More light has been shed on this summer’s arrests of individuals tied to the Affactive and Revenuejet online gambling groups.
On Tuesday, US Attorney General Loretta Lynch and US Attorney for the Southern District of New York Preet Bharara released superseding indictments charging Gery Shalon, Joshua Samuel Aaron and Ziv Orenstein with hacking JPMorgan Chase & Co, as well as similar hacks on other major financial companies and media outlets, including the Wall Street Journal.
The accused face a litany of charges including hacking, wire fraud, securities fraud, identification document fraud (involving over 30 bogus passports), operating an illegal gambling business, violating the Unlawful Internet Gambling Enforcement Act (UIGEA), aggravated identity theft, operating an unlicensed money transmitting business, money laundering and conspiracy.
Shalon and Orenstein, both Israel citizens, were arrested in Israel in July and are awaiting extradition to the US. Aaron, a US citizen, remains at large.
ACCUSED READ RIVAL OPERATORS’ EMAILS, LAUNCHED DDOS ATTACKS
The new indictment (read it here) also charges Shalon, Orenstein and their accomplices with operating “at least 12” illegal online casinos, which generated “millions of dollars in profits per month” via their US-facing activity between 2007 and the July arrests. Shalon is said to have stashed $100m in bank accounts in Switzerland and other jurisdictions, the possible seizure of which likely has the feds salivating like Pavlovian dogs.
The accused also hacked rival gambling operators in order to steal customer databases and, while it’s not in the indictment, are believed to have manipulated thousands of mostly inactive blogs via a WordPress exploit to push Affactive gambling sites to the top of Google search rankings.
The indictment notes that the accused repeatedly spammed US gamblers, aka “email promotions distributed on a massive scale.” Shalon also read the emails of top execs at other online gambling companies and targeted same with distributed denial of service (DDOS) attacks “in response to perceived misconduct by [the sites] directed at Shalon’s casinos.”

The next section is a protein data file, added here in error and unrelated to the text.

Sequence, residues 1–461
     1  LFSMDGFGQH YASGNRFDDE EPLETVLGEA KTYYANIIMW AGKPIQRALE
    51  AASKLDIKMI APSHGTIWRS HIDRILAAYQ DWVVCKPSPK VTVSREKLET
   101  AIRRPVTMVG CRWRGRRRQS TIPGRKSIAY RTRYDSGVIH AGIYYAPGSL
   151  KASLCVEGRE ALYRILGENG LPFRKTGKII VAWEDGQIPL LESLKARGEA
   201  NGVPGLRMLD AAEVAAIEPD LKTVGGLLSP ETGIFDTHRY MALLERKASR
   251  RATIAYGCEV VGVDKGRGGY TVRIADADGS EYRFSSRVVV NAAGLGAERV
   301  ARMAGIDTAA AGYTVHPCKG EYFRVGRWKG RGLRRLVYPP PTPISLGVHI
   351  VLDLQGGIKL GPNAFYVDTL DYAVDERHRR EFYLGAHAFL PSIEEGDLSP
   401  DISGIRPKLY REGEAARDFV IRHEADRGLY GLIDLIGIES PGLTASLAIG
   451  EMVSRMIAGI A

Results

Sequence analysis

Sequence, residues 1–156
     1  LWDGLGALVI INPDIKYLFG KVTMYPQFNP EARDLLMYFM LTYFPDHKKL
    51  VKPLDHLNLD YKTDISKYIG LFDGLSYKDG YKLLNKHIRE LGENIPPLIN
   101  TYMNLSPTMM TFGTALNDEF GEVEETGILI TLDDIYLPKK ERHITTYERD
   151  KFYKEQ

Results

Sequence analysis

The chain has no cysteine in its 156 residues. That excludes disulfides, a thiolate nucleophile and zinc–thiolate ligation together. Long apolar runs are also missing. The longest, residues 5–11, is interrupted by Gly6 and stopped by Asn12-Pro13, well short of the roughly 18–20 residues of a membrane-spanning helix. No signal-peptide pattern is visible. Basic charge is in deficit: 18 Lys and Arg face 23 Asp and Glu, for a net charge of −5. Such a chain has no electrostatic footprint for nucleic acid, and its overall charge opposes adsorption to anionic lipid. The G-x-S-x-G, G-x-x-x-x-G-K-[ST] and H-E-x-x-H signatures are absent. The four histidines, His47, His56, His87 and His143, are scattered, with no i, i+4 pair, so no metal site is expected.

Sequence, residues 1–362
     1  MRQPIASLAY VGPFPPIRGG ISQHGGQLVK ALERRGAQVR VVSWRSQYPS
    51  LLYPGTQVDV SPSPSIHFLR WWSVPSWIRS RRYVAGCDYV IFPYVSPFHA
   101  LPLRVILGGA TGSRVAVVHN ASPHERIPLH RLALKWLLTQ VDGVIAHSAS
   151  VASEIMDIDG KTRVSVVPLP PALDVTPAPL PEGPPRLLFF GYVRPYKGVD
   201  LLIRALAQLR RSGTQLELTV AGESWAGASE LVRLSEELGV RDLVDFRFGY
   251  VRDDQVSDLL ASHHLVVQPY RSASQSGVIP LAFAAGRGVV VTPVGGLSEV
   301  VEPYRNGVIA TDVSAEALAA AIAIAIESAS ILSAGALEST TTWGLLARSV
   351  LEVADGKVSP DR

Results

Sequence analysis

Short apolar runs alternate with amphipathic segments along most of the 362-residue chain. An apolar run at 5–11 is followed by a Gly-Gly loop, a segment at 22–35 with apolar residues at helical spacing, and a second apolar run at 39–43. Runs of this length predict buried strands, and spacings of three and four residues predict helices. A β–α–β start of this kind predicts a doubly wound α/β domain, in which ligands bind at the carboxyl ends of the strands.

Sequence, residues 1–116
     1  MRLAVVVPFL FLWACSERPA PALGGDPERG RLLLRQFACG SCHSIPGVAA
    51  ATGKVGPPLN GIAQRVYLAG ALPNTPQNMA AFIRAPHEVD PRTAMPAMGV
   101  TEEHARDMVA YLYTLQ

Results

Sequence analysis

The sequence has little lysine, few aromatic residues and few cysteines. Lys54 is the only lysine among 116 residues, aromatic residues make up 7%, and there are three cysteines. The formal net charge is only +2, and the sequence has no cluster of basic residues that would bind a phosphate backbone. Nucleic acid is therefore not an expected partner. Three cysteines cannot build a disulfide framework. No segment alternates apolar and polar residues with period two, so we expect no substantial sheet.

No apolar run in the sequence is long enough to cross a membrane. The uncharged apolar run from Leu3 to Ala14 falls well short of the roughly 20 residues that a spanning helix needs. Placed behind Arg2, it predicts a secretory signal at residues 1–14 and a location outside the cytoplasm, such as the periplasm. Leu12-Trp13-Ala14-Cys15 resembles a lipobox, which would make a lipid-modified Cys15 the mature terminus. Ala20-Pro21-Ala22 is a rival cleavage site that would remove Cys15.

Shalon also broke into the email accounts of online gambling software developers “to ensure that the companies’ work with Shalon’s competitors did not, in Shalon’s view, compromise the success of Shalon’s unlawful internet gambling businesses.”
DON’T OPERATE A BITCOIN EXCHANGE WITHIN THE US, PEOPLE
The accused trio operated multinational payment processors to facilitate transactions with their online casinos and other businesses, including unlawful pharmaceutical distributors, counterfeit software/malware distributors and the Florida-based Bitcoin exchange Coin.mx.
A fourth defendant, Anthony Murgio, was also arrested in the US in July in connection with the operation of Coin.mx. (Read Murgio’s indictment here.)
To facilitate business with the Coin.mx site, Murgio reportedly opened US bank accounts under the name Collectable’s Club, while maintaining a website under the same name that claimed to cater to members looking to sell items like stamps and sports memorabilia. (What? No golf balls? Rookies…)
PUMP, DUMP, DO A SHOT
The indictment accuses the main trio of thieving the personal info of over 100m individuals, including 80m from JPMorgan alone, which represents the single largest theft of customer data in US history. The trio is accused of using the stolen information to target investors in elaborate pump-and-dump stock schemes between 2012 and 2015.
The indictments contain some humorous exchanges involving the accused, including one conversation in which a co-conspirator asks Shalon if trading stocks is really that popular in America, to which Shalon replies that it was “like drinking freaking vodka in Russia.”